We hear a lot about green energy these days. Green energy is clean and environment friendly. It causes less pollution and is more sustainable.
But it's not very easy for the UK to go green completely. Keep scrolling down to find out why!
National Grid has calculated that in the UK the total energy use per person per day is about : 110 kWh energy .
(this includes fuel, electricity, gas)
If we want to generate all our energy as clean green electricity then the UK will need to generate: 4.5 kW x 60 Million people = 270 GW electricity. This is almost FIVE TIMES the electricity that the UK can generate now.
(At the moment the UK can generate a maximum of 60 GW (60 gigawatts or 60,000,000,000 watts) electricity if using all its power stations and renewable resources simultaneously. See Generating Electricity section for the details)
National Grid has estimated the UK could generate enough electricity in renewable forms in the following ways:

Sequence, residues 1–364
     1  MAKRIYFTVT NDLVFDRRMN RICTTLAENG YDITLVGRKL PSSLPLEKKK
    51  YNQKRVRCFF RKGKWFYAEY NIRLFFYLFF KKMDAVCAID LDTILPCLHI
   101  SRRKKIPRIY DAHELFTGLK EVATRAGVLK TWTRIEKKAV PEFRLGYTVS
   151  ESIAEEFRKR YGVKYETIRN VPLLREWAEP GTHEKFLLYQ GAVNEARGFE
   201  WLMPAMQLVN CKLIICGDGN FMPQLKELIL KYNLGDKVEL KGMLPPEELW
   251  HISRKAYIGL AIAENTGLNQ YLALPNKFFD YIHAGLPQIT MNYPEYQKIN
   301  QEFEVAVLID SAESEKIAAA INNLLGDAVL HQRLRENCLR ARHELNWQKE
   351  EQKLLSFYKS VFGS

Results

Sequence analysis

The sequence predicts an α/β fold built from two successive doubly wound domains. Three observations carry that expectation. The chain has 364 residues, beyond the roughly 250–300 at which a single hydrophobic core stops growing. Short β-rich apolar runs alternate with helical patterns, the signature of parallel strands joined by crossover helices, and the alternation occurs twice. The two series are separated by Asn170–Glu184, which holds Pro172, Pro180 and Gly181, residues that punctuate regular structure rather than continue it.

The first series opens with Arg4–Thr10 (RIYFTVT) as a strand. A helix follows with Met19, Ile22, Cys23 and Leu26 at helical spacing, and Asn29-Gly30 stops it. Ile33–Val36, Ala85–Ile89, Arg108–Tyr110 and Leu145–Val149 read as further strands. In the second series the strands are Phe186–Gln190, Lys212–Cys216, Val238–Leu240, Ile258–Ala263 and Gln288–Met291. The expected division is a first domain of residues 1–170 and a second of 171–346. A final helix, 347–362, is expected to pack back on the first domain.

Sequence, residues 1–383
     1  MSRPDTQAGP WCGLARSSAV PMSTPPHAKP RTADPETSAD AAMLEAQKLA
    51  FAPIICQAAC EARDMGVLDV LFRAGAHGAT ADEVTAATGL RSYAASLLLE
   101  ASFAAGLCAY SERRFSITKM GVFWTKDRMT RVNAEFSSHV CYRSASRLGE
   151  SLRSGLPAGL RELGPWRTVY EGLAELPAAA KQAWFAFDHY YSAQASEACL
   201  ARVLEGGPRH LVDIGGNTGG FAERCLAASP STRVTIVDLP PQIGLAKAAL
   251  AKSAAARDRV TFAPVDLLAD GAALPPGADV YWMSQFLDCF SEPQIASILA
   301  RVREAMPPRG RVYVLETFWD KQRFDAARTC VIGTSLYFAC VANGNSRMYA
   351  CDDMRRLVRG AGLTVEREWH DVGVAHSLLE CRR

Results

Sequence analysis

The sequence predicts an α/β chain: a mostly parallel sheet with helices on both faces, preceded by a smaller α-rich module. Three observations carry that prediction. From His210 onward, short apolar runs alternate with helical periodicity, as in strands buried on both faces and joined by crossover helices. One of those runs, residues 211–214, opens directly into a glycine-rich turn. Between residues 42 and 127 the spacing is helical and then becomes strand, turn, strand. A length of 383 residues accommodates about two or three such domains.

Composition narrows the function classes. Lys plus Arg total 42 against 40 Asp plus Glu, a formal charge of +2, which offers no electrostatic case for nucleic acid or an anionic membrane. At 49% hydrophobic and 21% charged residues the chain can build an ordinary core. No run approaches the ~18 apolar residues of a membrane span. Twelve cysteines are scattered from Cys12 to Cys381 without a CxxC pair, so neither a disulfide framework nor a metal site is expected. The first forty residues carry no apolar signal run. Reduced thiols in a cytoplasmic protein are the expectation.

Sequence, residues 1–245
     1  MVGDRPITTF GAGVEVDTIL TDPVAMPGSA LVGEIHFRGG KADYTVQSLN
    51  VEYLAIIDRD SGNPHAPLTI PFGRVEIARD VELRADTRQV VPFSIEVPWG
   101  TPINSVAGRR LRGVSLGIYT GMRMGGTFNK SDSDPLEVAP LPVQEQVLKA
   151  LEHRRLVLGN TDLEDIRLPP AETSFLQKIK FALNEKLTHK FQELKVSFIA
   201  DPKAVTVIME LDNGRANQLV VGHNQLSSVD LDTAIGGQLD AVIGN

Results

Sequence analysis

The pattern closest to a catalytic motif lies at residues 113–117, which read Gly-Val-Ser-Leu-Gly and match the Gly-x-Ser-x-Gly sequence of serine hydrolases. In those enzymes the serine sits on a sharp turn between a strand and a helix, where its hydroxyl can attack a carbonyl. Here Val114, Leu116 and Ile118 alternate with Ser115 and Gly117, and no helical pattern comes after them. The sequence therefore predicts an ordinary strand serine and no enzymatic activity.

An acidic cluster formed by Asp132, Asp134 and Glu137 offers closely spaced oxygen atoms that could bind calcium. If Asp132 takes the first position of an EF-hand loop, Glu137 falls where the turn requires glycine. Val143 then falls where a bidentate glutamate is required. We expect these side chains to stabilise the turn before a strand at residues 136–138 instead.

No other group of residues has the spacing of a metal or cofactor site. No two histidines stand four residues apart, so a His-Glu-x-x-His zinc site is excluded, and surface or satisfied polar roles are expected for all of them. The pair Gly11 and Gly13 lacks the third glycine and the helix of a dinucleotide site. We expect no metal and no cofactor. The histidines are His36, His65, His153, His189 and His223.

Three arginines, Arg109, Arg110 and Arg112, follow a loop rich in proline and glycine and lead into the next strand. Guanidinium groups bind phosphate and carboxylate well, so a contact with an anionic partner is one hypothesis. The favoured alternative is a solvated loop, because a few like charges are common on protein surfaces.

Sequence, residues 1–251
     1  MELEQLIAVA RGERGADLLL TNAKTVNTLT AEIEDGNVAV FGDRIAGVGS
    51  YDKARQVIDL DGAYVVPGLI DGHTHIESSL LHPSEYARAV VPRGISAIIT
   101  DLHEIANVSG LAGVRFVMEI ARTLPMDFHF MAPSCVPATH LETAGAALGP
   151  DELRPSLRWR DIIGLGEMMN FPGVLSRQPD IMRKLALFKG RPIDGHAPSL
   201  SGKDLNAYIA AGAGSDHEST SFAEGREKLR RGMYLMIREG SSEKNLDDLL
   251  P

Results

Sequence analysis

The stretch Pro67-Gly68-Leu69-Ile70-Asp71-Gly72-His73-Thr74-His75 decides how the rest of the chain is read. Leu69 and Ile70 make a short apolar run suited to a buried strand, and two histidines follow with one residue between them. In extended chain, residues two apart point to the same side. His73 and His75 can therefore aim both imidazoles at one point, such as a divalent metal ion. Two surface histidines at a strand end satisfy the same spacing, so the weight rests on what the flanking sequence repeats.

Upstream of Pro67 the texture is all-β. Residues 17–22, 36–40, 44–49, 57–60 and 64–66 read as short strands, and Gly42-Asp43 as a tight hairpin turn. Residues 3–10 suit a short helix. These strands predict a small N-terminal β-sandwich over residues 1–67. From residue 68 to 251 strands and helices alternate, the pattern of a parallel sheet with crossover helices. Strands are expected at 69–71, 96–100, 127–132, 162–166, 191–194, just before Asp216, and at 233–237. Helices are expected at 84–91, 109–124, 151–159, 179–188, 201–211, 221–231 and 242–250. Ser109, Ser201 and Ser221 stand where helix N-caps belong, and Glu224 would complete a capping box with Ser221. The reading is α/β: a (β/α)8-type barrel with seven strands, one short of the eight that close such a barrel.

To install 60000 wind turbines - almost all off shore
we need to put up ONE PER HOUR to finish by 2025!
The UK has, for many years, bought electricity from France, which is transmitted via cable under the Channel.
Norway and Netherlands have invested in the NorNed Link: Length 580 km Operating Voltage ±450 kV. This has a capacity of only 700 MW (700 megawatts or 700,000,000 watts) and a cost ~£500 million. This is very expensive and provides tiny amounts of electricity compared with what the countries use.
And this amount is tiny compared with the 30,000 MW of mainly offshore wind generation planned for UK over the next decade at an estimated cost £30 billion (new nuclear plants are £7bn each for 4,400 MW)
The map shows an ambitious idea to link the whole of Europe so that each country can used its natural resources, and sell excess electricity when it can and buy when it needs to. But many countries are struggling to produce much 'green' electricity so there won't be much excess to sell to others.
Plus the power networks (eg the undersea cables, the DC switchgear, the DC/AC convertor stations) that can deliver electricity across such huge distances don't have a proven track record - will they work reliably?
Even if this works, there probably still won't be enough 'green' electricity to keep our homes and cars running.
See the 'research' section for more details.
At the moment the UK relies heavily on gas for its heating:
On a very cold winter's night, the UK uses:
If the UK wants to move to 'green electricity' for heating this means that: